Virgin Australia, the second-largest carrier of Australia, is set to collapse within 24 hours.
Australian media reports that the airline has entered into voluntary administration and has appointed accounting firm Deloitte to oversee the process. The airline is burdened under the weight of enormous debts (it was loss-making for each of the past seven years) and the coronavirus crisis deprives it of much-needed cash. Furthermore, the Australian government refused to grant an AUD 1.4 billion loan and waits for the end of the insolvency process to see if taxpayers’ money is needed to keep it flying.
Under the Australian voluntary administration regime, the company has several options: the sale of assets, an agreement with creditors, the cancellation of debts or the liquidation of the company.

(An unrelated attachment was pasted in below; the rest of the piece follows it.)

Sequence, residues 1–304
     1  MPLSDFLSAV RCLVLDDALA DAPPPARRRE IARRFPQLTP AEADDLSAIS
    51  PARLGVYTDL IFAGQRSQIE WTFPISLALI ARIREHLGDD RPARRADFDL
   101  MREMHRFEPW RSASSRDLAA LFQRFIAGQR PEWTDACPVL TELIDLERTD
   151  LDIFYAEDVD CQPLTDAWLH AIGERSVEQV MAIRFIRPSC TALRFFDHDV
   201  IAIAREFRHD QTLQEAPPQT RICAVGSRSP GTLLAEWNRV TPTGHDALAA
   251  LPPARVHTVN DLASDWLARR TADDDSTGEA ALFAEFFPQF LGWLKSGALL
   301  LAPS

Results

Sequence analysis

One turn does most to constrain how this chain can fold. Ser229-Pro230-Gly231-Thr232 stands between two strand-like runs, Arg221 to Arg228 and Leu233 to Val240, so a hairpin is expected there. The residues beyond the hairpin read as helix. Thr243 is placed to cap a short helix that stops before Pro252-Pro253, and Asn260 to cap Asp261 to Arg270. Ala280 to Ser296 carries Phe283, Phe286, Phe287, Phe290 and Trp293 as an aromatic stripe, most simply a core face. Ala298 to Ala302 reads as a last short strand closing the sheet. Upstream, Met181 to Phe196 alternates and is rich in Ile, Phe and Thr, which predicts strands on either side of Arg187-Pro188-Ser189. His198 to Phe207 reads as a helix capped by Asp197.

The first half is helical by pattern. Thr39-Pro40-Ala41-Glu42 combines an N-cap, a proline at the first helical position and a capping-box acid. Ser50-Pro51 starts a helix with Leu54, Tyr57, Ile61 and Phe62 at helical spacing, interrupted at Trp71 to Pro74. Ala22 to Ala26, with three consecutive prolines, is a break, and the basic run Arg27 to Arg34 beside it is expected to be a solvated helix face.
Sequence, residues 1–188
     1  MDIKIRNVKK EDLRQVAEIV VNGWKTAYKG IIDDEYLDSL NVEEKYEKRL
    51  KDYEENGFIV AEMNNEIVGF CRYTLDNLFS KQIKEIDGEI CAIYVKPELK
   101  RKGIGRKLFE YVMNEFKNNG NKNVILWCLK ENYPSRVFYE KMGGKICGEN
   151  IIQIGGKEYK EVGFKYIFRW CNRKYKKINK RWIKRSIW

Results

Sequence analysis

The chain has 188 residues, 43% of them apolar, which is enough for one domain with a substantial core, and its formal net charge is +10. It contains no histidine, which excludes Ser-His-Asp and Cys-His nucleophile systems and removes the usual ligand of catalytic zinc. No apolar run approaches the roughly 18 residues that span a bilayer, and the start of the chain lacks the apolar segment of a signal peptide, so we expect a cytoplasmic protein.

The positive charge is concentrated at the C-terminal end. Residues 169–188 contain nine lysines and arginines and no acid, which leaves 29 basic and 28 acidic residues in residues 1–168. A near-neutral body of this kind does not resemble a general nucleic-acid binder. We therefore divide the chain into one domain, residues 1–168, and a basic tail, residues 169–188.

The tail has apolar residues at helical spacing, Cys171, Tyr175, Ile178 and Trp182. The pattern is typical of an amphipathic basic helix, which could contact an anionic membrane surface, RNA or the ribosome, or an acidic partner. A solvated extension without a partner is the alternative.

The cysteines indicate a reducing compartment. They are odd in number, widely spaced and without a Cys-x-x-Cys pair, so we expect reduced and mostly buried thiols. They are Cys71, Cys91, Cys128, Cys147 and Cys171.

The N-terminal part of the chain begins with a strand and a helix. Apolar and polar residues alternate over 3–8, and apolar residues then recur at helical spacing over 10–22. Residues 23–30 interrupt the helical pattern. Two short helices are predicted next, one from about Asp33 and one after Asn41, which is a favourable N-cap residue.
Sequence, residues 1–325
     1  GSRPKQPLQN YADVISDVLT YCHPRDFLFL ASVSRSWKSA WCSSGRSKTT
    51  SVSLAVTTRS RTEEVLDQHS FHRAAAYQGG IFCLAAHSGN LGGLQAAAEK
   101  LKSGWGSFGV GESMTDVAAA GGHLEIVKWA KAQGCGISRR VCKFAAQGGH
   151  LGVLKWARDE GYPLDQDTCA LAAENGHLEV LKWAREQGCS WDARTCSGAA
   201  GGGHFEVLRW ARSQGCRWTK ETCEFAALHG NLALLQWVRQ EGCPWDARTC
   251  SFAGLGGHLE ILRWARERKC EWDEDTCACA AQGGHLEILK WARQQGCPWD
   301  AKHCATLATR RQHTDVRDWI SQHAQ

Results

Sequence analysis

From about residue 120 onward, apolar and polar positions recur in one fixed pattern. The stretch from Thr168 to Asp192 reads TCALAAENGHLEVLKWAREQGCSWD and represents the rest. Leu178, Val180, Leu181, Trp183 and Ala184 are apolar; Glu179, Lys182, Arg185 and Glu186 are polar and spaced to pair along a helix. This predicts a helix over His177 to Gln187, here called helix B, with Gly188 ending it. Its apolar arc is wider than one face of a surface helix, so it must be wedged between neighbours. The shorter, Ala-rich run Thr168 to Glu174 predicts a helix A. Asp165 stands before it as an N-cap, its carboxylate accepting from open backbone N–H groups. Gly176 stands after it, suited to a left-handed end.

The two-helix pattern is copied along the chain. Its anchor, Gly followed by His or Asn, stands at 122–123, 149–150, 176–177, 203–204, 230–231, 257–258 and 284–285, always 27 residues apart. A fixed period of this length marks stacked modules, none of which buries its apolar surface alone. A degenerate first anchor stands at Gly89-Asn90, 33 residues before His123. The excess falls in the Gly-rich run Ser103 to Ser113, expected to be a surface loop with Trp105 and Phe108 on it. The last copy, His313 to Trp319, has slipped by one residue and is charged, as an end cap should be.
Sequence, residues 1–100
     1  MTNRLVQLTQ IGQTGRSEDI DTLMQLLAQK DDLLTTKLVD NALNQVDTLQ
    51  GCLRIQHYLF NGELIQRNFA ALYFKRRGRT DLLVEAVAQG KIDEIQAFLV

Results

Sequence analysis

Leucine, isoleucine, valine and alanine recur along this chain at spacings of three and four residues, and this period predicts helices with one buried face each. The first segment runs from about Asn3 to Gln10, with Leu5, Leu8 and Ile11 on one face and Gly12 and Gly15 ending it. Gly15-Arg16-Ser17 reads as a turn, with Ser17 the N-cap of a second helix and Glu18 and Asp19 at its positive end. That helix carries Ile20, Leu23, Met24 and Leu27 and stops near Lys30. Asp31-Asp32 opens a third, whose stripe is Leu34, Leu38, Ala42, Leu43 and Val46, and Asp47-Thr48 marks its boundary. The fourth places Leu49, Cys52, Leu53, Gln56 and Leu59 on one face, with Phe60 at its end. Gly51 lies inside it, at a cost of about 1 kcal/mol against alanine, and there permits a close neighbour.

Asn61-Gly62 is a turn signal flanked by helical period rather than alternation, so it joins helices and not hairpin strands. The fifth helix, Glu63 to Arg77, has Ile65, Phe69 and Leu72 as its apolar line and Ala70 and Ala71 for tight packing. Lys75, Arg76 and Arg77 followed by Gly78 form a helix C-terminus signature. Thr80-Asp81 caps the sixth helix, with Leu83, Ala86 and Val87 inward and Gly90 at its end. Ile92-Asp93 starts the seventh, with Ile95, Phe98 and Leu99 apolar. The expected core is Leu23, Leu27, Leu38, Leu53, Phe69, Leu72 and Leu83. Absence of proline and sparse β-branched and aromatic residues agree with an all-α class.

A statement of the airline is awaited in the 24 hours to clarify the news.
Most of Virgin Australia aircraft are grounded, but for a few operating domestic government-subsidised routes.
Virgin Australia is 90% owned by a group of investors including Singapore Airlines, Etihad Airways, the Chinese conglomerate HNA Group and the Virgin group of Richard Branson. Based in Brisbane, the carrier employs over 10,000 people. It has in vain been trying for several weeks to raise new funds.
We reported last week that the airline faces an AUD 5 billion debt and that its future was uncertain.